Other pollutants are under investigation, too. In monitoring LFG for trace constituents, varying concentrations of higher molecular weight hydrocarbons have been found. Some of the compounds have raised concerns as toxic air pollutants.

In 1996, LFG emission concerns prompted the EPA to issue a regulation requiring landfills that emit LFG quantities in excess of approximately 50 tons per year to control emissions. Also, the regulations require that new and existing landfills designed to hold more than about 2.5 million tons of waste install gas collection systems or prove that the landfills emit less than 50 tons per year of non-methane organic compounds, including smog-causing volatile organic compounds (VOCs) and air toxics.

Many states now require landfill operators to monitor LFG and the air quality around the landfill perimeter.

On-Site Safety Practices

Methane gas concentrations in excess of 5 percent are explosive. LFG can asphyxiate a person who enters an enclosure containing gas. The following safety guidelines are recommended for landfill personnel:

  • Do not enter a vault or trench on a landfill without first checking for methane gas and/or wearing a safety harness. A second person should be standing by to pull the employee entering the landfill to safety, if necessary.

  • During landfill well installation, wear a safety rope to prevent falling into the borehole

  • Do not smoke during drilling or during installation of landfill gas wells or a collection pipe system. Also, do not smoke when LFG is venting.

  • Clear gas that is collected from a mechanically evacuated system to minimize air pollution and any potential explosion/fire hazard.

  • It is important that operators receive safety training and are trained to use monitoring equipment. Monitoring equipment and other devices should be routinely calibrated and maintained to ensure that accurate results are obtained.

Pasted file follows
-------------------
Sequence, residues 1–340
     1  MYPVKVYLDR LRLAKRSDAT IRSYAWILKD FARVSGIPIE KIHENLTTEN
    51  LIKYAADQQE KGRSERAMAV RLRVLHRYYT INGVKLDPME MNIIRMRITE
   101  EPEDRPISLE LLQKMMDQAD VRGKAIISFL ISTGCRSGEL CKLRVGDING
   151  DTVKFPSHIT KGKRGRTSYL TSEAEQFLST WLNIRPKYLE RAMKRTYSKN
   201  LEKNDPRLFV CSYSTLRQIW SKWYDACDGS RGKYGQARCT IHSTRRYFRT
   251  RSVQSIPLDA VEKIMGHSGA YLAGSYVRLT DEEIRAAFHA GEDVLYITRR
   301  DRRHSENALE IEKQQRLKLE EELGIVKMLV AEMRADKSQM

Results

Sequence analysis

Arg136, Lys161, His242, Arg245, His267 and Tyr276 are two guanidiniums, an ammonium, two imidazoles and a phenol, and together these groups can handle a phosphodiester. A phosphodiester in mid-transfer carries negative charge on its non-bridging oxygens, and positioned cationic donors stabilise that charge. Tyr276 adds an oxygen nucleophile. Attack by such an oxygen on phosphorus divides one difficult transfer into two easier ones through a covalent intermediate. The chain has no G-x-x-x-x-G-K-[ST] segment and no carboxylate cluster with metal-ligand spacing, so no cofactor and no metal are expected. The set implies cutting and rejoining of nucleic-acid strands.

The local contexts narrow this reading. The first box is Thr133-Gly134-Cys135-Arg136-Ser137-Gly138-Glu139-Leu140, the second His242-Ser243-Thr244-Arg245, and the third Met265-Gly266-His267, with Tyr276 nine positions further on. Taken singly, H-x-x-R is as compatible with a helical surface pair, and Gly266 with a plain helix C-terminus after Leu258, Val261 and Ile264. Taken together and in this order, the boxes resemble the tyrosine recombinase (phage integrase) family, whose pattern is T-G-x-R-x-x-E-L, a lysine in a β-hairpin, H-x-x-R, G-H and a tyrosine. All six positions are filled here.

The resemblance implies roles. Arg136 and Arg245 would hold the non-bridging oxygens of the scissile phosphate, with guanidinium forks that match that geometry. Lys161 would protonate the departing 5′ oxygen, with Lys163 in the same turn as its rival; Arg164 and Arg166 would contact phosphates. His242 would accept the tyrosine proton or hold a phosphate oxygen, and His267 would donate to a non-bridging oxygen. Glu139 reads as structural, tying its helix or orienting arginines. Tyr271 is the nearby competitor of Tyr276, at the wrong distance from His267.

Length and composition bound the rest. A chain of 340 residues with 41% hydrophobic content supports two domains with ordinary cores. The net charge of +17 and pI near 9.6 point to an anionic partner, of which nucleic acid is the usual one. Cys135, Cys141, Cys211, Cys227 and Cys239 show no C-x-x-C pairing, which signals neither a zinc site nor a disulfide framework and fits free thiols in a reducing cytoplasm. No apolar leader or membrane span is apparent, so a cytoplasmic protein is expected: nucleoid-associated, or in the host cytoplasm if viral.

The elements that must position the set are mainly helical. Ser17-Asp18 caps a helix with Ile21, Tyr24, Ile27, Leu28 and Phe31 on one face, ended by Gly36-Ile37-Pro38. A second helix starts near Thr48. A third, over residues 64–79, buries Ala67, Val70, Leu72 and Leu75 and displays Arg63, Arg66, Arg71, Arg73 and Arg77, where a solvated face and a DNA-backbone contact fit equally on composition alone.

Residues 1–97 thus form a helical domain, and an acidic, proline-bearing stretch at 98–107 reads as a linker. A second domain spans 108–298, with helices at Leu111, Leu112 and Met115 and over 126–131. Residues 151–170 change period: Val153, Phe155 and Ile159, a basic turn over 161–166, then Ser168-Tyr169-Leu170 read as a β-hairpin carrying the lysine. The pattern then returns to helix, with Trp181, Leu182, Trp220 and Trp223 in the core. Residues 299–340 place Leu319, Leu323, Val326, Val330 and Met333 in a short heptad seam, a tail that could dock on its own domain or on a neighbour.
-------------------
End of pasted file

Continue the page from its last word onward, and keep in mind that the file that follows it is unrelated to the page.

Mechanics of Gas Movement

    The mechanics of gas movement through refuse and soil are extremely complicated. Gas tends to migrate from the landfill through the refuse and surrounding soils on the path of least resistance. Gas will migrate further through sand and gravel soil than through silt or clay soil. The migration rate is strongly influenced by weather conditions: When barometric pressure is falling, gas tends to be forced out of the landfill into the surrounding soils formations. As barometric pressure rises, gas may be retained within the landfill for a short time period as new pressure balances are established.

    Wet surface soil conditions and frozen ground may prevent gas from escaping into the atmosphere at the edge of the landfill. However, this could potentially cause the gas to migrate even further from the landfill. The maximum migration distance of methane gas is difficult to predict, but distances greater than 1,500 feet have been observed.

    The Effect of Caps

    Controlling gas movement at a landfill begins by studying local soils, geology and the surrounding area. For example, if the landfill is surrounded by a sand or gravel soil, and if buildings are close to the landfill, gas movement will need to be controlled by engineering methods.

    On the other hand, a landfill surrounded by clay in an isolated location may not need as stringent a control system.